The priest raised his arms, his robe hanging loosely. “Tonight, we are here to pay respects to Stefano Moretti, a man whom many of you loved deeply,” he said. “His life was cut short by the violence that plagues this city—violence that I pray will end.”
Lucia gripped Antonio’s hand.
The priest continued his appeal for peace and empathy for several minutes. Antonio wanted to tell him that his hollow words meant nothing, that the church had its own problems and, moreover, that the Moretti family was one of the biggest donors in the city.
But why would Enzo leave right now? What emergency could possibly …
Movement caught his eye. Across the basilica, on the other side of the rows where Don Giuseppe sat with dozens of highest- ranked men and their families.
In the glow from hundreds of candles, Antonio spotted three other cops walking in the shadows near the marble columns and statues.
Something was wrong …
Antonio whispered to his wife, “Get ready to move.”
“Do as I say.”
Antonio jerked his chin to Christopher, who had already sensed that something was off. The cops continued in the shadows.
“Let us pray,” said the priest.
As the guests bowed their heads, Antonio turned toward the back of the church, where the officers pulled out their handguns. One man pulled a submachine gun from a duffel bag under a table.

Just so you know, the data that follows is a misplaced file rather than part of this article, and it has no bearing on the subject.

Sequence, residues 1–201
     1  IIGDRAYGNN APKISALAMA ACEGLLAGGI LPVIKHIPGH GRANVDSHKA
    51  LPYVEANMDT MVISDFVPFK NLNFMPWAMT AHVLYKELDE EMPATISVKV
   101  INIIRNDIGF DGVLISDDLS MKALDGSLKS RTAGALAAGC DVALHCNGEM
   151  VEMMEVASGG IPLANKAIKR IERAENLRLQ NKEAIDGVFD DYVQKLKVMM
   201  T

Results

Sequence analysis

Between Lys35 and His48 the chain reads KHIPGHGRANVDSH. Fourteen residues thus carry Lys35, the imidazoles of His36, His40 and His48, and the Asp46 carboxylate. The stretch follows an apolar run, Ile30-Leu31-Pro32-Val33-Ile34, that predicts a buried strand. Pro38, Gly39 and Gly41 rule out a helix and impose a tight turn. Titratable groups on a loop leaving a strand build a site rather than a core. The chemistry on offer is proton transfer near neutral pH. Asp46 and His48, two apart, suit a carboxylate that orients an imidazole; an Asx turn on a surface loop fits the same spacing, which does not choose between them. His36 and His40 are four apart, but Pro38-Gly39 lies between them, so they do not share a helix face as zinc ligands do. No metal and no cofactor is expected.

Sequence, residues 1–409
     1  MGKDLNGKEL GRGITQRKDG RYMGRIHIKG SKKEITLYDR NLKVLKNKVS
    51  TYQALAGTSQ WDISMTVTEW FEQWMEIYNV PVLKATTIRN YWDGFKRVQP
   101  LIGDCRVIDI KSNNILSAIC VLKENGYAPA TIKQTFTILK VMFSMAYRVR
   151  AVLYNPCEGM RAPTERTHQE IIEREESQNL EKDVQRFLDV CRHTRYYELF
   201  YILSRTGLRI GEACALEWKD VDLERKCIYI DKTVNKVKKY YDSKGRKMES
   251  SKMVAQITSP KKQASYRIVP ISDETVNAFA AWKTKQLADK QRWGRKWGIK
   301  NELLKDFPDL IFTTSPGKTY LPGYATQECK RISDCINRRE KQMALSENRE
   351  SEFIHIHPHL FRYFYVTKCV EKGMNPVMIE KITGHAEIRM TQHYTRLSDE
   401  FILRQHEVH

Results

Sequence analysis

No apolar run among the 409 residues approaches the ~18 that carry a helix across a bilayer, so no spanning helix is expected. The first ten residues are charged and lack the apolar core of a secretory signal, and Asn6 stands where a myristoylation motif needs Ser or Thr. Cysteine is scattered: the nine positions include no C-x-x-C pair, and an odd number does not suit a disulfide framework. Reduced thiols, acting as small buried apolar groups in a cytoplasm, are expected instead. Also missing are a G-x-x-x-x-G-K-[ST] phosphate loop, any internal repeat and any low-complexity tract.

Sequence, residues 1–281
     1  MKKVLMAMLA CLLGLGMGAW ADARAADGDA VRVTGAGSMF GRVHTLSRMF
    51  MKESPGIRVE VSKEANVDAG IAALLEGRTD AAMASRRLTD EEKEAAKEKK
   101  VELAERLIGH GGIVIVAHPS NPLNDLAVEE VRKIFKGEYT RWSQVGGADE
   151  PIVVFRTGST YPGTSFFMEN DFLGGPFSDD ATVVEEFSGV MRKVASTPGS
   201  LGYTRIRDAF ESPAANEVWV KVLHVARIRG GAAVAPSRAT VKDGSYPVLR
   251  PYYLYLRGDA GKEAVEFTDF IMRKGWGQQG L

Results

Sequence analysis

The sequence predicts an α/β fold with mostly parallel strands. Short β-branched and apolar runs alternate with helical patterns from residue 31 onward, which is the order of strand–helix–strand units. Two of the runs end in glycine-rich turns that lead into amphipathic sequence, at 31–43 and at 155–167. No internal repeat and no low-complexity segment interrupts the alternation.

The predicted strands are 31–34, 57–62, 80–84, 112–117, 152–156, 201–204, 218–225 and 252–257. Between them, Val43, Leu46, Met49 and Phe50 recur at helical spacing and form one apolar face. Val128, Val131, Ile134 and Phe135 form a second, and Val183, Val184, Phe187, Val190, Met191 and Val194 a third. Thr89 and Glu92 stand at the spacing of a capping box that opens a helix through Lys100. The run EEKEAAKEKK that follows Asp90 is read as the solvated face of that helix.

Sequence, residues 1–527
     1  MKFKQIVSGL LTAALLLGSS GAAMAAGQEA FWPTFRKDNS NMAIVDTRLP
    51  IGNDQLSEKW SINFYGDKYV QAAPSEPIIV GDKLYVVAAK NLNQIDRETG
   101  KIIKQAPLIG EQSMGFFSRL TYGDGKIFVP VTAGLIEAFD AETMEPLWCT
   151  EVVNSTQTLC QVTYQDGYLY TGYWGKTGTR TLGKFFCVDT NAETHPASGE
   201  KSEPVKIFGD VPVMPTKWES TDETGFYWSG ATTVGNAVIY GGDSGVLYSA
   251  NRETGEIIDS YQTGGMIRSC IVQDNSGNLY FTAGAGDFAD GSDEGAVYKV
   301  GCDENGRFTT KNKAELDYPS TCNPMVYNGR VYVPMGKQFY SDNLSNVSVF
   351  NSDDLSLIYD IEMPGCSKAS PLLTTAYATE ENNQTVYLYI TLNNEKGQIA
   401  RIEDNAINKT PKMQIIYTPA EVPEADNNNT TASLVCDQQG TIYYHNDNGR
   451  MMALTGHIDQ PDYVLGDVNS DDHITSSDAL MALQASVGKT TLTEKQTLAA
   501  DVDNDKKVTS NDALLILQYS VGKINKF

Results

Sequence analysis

Another officer looped a chain through the handles of the front door and secured it with a bicycle lock.
“Dio mio,” Antonio whispered, realization hitting him like a bullet.
While everyone had their heads bowed, the choir broke into hymn. The heavenly voices stopped with the raucous din of automatic gunfire directed at Don Giuseppe.
His body jerked spastically as the rounds hit him.
Bullets lanced into the pews, and the Moretti associates and soldiers who stood up were cut down. In seconds, ten of the men Antonio had grown up with were slumped dead, their blood pooling on the holy ancient floor.
They were already moving left out of the pew, with Chris- topher in the lead, but when he started toward the front foyer, Antonio grabbed him and pointed toward the altar, where the priest had taken cover.
A cop was waiting for them there.
Not a cop, Antonio realized, pulling back on Lucia’s hand.
He recognized the assassin’s face: a midlevel soldier from the small but aggressive rival Canavaro family. A shock wave of disbe- lief ripped through Antonio.
The underdogs were behind this?
Most families wouldn’t dare do this in a church, of all places. Not on holy ground. The very idea was monstrous. There were rules in La Cosa Nostra, and killing in a church—especially killing women and children—was a cardinal sin.
But the Canavaros apparently didn’t care about burning for eternity if it got them ahead in their mortal lives.
Antonio watched the demon-in-the-flesh raise a gun. “Christopher!” he yelled.
The soldier raised his pistol and fired as the scream echoed through the halls. The bullet meant for Christopher struck Greta in the chest. Christopher turned toward the gunman as his wife crumpled to the ground next to young Vinny, her hand still in his.
Christopher bolted toward the assassin, screaming at the top of his lungs. The man shot him in the arm and then the chest, but the bullets only slowed Christopher down; they didn’t stop him.
He slammed the Canavaro soldier into the altar. Then, grabbing him by the throat, Christopher slammed his head into the wood once, twice, and once more just to be sure.